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Three Necessary Conditions for Changing Someone’s Mind

Three Necessary Conditions for Changing Someone’s Mind | Serving and Leadership | Scoop.it

To engage in a mind-changing conversation with someone, first assess their levels of Willingness, Desire, and Courage.


Via David Hain
donhornsby's insight:

(From the article): Mind-changing conversations are like a hero’s journey.  You are taking someone on an adventure of self-exploration where he may need to battle mental habits. The battle takes courage. You need to create a sense of safety before going into the conversation, and then maintain safety throughout the conversation even when you challenge his assumptions and fears. 


There will be times when he will refuse to accept the challenge; you can’t make people feel courageous. If, however, he trusts your intention is linked to his desire, you should be able to help him move forward when the demons arise. Helping someone muster the courage to say, “Yes!” when he feels awkward, afraid, or unhappy is one of the greatest gifts you can give.

 
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Hervé Odet's curator insight, October 26, 4:08 AM

Bonne lecture et réflexion, à bientôt..Hervé Odet, Cabinet Baud

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Five Leadership Insights I Wish I Knew 25 Years Ago

Five Leadership Insights I Wish I Knew 25 Years Ago | Serving and Leadership | Scoop.it

Looking back over a long tenure in ministry,  Charles Stone reflects on the leadership lessons learned through experience.

donhornsby's insight:

(From the article): Groups actually “catch” the emotional state of their leaders. I used to feel I had the right to get angry, pout, or emotionally cut myself off from others if things did not go well. I was being “authentic,” or so I thought. While not discounting the importance of authenticity, I have learned that I must bring a positive and hopeful tone to my leadership daily. When I experience something painful, and it is appropriate to share it, I do it with those closest to me in a way that actually can build trust.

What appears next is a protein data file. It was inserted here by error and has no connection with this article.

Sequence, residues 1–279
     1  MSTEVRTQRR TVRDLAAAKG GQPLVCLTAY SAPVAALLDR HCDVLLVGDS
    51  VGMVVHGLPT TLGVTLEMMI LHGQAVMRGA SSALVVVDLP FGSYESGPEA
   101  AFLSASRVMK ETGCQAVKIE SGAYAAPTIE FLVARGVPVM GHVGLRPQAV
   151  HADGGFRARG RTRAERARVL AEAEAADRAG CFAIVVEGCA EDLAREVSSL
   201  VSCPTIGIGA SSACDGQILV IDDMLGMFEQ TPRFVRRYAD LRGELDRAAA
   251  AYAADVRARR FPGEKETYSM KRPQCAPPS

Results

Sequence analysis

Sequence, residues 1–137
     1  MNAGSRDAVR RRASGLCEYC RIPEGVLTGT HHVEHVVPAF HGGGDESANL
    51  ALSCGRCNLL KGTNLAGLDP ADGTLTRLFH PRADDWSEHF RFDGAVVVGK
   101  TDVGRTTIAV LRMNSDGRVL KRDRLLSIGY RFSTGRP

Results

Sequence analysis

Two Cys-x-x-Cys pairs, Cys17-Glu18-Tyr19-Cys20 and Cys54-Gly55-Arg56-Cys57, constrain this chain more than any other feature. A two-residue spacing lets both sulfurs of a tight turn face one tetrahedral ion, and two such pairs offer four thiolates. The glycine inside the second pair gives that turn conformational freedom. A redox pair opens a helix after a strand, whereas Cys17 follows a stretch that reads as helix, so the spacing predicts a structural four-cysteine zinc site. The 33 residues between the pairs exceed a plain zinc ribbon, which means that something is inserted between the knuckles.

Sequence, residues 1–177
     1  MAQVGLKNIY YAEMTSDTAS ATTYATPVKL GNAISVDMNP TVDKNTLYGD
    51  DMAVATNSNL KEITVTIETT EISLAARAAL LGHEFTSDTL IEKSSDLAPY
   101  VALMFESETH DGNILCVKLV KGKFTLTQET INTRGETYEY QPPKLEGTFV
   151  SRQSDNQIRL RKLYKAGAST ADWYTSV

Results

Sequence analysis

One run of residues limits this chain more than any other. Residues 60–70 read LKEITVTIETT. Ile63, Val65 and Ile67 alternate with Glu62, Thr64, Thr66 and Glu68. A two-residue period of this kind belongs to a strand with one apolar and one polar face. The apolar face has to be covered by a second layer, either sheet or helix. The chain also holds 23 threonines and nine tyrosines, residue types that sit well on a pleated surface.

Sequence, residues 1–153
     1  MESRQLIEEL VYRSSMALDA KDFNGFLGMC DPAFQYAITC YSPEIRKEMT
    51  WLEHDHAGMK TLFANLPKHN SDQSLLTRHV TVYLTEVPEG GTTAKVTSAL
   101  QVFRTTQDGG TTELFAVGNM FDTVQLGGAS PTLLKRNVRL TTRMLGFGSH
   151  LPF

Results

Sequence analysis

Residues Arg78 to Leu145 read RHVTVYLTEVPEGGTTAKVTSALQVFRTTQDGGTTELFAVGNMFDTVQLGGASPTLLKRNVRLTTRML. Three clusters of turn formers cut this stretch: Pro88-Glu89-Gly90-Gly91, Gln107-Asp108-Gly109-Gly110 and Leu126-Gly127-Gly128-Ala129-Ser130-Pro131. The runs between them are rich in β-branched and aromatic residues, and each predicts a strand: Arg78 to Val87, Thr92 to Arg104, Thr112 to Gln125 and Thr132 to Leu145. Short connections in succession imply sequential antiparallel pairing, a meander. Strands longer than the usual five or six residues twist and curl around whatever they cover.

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5 Ways to Use Discomfort to Be More Effective as a Leader

5 Ways to Use Discomfort to Be More Effective as a Leader | Serving and Leadership | Scoop.it
In this guest post, Marcia Reynolds, author of The Discomfort Zone, explains 5 ways leaders and coaches can discomfort to create breakthrough thinking.
donhornsby's insight:

(From the article): Effective leaders help others think more broadly for themselves. They do this by reflecting what they hear and sense, and then asking powerful questions that disrupt and expand how people think. It is in these moments of discomfort that solutions appear and radical growth occurs. Developing people includes developing their minds.

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Compelling People: The Hidden Qualities That Make Us Influential

Compelling People: The Hidden Qualities That Make Us Influential | Serving and Leadership | Scoop.it
Drawing on cutting-edge social science research, the authors reveal how we size each other up—and how we can learn to win the admiration, respect, and affection we desire.
donhornsby's insight:

(From the article): This book lays out its basic premise early on – it isn’t the first time I read the premise or the research behind it – if you haven’t, the path to greater influence is through a balance of strength (the root of respect) and warmth (the root of affection). The authors do a great job of laying out this idea – and that chapter alone is worth reading the book if this balance is a new idea to you.

 

Beyond that they talk about who we are – our natural genetic makeup and how we can understand how others may perceive us as a result. There may not be as much new here, but all is backed up with research and is well connected to their overall premise.

 

In the third section the authors give us real help. They take the reader through a treasure trove of examples and ideas to project strength and warmth (and the paradoxes therein) – everything from gestures to voice to word choice and much more.